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    Sunday, April 21, 2024

    Owner plans gallery, apartment at former Hot Rod Cafe in New London

    The former Hot Rod Cafe Wednesday, Feb. 28, 2024, on Bank Street in downtown New London. An application has been filed to transform the restaurant into a gallery and apartment. (Dana Jensen/The Day)
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    The former Hot Rod Cafe Wednesday, Feb. 28, 2024, on Bank Street in downtown New London. An application has been filed to transform the restaurant space into a gallery and apartment. (Dana Jensen/The Day)
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    New London ― The owner of a shuttered Bank Street eatery is looking to transform the building into an art gallery and multi-bedroom apartment, according to plans submitted to the city.

    The Planning & Zoning Commission on Thursday is slated to continue discussions on a special permit application filed by property owner Rod Cornish to convert his former Hot Rod Cafe at 114 Bank St. into a mixed-use space.

    The initial application was filed by 114 Bank Street, LLC in February, with Cornish listed as the member representing the corporation. Patrick Gallagher, a general contractor with Allied Group of CT LLC, is listed as the application agent.

    Cornish, who closed his popular restaurant in October, declined to comment on the pending application, which was recently modified to meet residential space restrictions laid out in city zoning regulations.

    The amended floor plan proposes dividing the building’s Bank Street-facing first-floor dining, kitchen and bar space into a 1,469-square-foot retail gallery. A 1,465-square-foot dwelling area on the same floor with three bedrooms, two bathrooms and kitchen and dining areas will have access only available from a rear building staircase facing South Water Street.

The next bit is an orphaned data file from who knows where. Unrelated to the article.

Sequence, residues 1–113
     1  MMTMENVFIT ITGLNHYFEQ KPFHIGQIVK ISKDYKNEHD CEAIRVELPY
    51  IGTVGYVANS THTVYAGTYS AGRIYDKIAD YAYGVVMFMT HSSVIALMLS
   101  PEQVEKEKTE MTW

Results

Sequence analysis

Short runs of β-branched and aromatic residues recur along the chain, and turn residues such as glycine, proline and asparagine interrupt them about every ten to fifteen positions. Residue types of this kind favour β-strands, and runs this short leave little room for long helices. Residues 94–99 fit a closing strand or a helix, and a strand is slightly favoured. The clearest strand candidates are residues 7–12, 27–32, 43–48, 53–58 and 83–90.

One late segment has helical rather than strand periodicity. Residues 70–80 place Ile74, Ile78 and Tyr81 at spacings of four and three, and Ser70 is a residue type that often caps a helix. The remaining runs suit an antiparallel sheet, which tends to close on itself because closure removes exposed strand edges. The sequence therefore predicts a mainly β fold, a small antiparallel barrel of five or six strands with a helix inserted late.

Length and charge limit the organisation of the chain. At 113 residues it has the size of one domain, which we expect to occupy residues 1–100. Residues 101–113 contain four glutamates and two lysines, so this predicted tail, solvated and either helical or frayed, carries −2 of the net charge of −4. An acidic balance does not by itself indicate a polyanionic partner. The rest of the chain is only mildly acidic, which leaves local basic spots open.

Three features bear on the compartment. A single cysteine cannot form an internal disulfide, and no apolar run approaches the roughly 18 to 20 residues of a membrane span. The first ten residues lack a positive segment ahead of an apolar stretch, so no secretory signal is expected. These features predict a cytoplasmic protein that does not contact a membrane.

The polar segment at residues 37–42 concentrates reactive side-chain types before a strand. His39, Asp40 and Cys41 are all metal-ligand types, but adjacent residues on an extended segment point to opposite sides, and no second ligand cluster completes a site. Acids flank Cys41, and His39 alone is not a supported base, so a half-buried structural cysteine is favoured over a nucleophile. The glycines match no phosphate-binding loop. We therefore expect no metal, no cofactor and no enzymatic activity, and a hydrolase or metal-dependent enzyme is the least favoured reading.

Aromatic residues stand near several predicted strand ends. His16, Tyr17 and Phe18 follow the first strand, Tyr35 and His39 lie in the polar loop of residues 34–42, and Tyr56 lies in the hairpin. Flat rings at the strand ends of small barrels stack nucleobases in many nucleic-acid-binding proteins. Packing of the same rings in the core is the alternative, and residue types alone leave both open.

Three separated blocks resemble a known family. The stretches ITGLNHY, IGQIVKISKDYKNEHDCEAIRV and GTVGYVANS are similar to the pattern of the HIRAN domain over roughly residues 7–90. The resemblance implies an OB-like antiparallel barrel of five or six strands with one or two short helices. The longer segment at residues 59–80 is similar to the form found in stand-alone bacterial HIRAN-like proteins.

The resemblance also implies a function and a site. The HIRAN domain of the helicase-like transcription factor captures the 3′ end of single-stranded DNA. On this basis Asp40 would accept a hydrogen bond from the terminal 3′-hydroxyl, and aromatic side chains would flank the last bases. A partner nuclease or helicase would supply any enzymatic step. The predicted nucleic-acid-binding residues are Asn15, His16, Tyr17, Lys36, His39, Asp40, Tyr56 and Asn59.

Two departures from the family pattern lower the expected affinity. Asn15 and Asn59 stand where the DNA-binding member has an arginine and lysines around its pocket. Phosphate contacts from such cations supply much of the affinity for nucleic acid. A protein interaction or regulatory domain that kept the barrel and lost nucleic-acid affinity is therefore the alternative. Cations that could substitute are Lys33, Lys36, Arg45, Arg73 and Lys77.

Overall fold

The original project application called for a 1,095-square-foot gallery with 1,624 square feet set aside for the apartment. But that configuration is prohibited by central business district rules that disallow more than 50% of the gross area of any floor at street level to be designated for residential use.

    The building’s rooftop deck and basement are set aside for gallery storage, the application states.

    The commission declined to vote on the application last month after the 50% space subject was raised, according to draft meeting minutes and commission members.

    Commission member Ronna Stuller on Saturday said the issue was further complicated as the types of structures on that section of Bank Street have different levels when viewed from the South Water Street side when compared to Bank Street.

    “We wanted to give the applicant a chance to come up with modified floor plans,” she said. “Personally, I’d be prepared to be more flexible with the space considerations. I wouldn’t be surprised if at some point the commission comes together to rethink the zone text about space restrictions.”

    Stuller said Gallagher did not request any exterior changes to the former restaurant.

    “It’s a little ironic we have an application to transform a former restaurant into a gallery, since we had a facade renovation request a couple months ago for someone looking to possibly turn a former gallery on State Street into a restaurant,” Stuller said, referring to the former Marquee Gallery. “I guess it all balances out.”

    The commission will continue its discussion at 7 p.m. Thursday at City Hall.

    j.penney@theday.com

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